O Beautiful addresses difficult but worthy questions
Published: Thursday, October 4, 2012
Updated: Thursday, October 4, 2012 23:10
Thursday night, the Connecticut Repertory Theatre previewed their production of “O Beautiful” at the Jorgensen Theater. The play is a close examination of the effects of political polarization on contemporary American life, mixing humor with sharp political, social and religious critique. “O Beautiful” even employs the use of historical figures like Jesus, Joan of Arc and many Founding Fathers.
The play follows the lives of two Delaware high school students: Lennie Ryan, played by Coles Prince, and Alice Fletcher, played by Hannah Kaplan. Lennie faces the bullying of his peers after he embarrasses himself at the school talent show, and Alice struggles to deal with a rape and the subsequent unwanted pregnancy. Prince’s performance was good all around. I found his interpretation of the shy, existential teenager to be spot on. Kaplan performed similarly well. Her delivery really allowed the audience to empathize with her position. She was able to depict the hardships of teen pregnancy, especially when surrounded by uncompassionate people.
Another noteworthy performance was that of Lennie’s mother Linda, played by Olivia Saccomanno. In the beginning, we do not see much of her character beyond her being the sole dissenting opinion among the parent characters on the subject of gun ownership. However, in the second act of the play, Saccomanno gave a real, passionate display of sorrow that brought tears to the eyes of many in the audience. Moreover, later in the play we see a demonstration of the character’s strength, brilliantly complementing her earlier sadness.
The character of American history teacher Ty Janaleris, played by Thomas Brazzle, was another well-played character. Brazzle perfectly captured the enthusiasm of the truly passionate and idealistic teacher. Another great performance came from Will Haden, who played the part of Jesus. Though his lines were seldom long, they had humor, and in many ways he was able to capture the wisdom that we as the audience would feel appropriate to his character.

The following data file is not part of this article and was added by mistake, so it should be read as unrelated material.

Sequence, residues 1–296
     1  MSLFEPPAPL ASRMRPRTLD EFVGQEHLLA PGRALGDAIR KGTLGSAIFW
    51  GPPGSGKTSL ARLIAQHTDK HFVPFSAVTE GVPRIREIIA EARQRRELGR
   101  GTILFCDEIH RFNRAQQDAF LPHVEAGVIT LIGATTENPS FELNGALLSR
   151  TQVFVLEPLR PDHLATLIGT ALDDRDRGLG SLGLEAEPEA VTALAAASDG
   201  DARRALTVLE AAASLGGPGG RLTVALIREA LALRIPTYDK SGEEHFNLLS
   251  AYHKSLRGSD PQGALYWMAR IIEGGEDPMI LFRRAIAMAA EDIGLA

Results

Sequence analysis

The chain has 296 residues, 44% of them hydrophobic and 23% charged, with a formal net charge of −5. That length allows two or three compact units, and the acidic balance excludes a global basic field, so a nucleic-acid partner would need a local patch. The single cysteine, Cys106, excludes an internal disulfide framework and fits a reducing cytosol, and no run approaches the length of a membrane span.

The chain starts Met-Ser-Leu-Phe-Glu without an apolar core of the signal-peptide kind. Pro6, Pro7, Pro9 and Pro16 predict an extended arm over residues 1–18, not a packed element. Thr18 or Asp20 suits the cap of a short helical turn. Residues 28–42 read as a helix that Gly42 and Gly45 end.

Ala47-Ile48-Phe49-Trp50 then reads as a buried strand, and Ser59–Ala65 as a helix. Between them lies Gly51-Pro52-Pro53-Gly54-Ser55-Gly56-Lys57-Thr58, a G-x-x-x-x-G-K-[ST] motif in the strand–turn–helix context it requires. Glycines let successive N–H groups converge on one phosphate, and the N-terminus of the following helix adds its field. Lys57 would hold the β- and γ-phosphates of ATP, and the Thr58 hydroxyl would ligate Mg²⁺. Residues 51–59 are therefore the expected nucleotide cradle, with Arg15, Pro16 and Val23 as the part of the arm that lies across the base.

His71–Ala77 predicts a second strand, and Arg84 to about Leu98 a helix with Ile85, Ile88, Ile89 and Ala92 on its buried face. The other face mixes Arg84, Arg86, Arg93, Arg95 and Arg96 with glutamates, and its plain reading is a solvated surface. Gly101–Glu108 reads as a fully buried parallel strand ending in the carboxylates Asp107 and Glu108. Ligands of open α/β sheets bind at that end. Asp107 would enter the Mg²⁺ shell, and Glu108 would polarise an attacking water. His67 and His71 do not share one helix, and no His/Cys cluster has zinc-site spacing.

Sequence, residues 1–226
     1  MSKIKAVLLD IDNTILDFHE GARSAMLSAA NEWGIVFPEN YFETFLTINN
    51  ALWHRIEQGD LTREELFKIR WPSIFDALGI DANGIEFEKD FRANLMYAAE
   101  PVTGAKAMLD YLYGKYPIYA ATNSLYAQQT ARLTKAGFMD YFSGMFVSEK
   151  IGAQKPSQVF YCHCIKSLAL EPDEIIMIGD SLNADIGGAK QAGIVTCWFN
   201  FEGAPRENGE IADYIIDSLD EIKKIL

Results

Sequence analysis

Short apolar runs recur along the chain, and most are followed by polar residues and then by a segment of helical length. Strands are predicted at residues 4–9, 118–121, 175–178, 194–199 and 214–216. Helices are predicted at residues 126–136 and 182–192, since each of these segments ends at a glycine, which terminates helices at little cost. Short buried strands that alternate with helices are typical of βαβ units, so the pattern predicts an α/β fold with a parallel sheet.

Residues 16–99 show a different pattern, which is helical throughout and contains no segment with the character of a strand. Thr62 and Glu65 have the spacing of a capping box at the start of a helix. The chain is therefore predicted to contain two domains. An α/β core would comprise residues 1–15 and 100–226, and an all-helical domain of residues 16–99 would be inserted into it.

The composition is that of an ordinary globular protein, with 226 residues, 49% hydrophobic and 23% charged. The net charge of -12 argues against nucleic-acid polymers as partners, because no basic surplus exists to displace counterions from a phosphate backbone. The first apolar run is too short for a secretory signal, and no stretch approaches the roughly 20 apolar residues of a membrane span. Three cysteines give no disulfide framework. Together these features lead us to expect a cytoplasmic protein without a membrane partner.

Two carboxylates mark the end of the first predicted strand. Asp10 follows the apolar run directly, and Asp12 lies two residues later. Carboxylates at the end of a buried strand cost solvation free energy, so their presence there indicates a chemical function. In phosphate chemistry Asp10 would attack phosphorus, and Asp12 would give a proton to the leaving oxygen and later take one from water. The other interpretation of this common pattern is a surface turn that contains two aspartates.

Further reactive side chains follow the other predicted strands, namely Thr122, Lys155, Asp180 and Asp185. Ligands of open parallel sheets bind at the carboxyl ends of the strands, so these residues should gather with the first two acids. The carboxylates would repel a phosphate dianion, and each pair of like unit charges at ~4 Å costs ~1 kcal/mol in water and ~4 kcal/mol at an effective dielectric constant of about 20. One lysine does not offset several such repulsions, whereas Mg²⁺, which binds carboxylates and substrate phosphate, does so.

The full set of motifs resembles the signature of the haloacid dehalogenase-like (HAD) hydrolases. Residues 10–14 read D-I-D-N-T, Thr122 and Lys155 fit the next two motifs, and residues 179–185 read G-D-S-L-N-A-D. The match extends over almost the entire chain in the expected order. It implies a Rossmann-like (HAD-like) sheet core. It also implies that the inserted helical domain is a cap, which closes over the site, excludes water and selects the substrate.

“O Beautiful” also featured a “Glenn Beck”-style character named Simon West, played by Laurence Lau, who appeared intermittently throughout the performance. Not only was Lau able to perfectly emulate the ideological fervor that Mr. Beck employs, he was also able to bring an element of satire to the role that truly augmented the experience.
The play made good use of the technology that Jorgensen has to offer. Projected images formed the background scenery while the crew expertly and efficiently brought props onstage. While the play did not have a continuous musical soundtrack, it did make use of the Jorgensen sound system at particularly emotional scenes, employing a spine-tingling bass to emphasize the seriousness of the moment.
As a whole, “O Beautiful” might offend those who have strong social, political or religious leanings. However, I think it is at its core a play designed to challenge the viewer, imploring the audience to examine their preconceived notions with an unbiased eye, and perhaps even change them. This play asks difficult questions, and is well-worth the time for anybody interested in contemporary theater.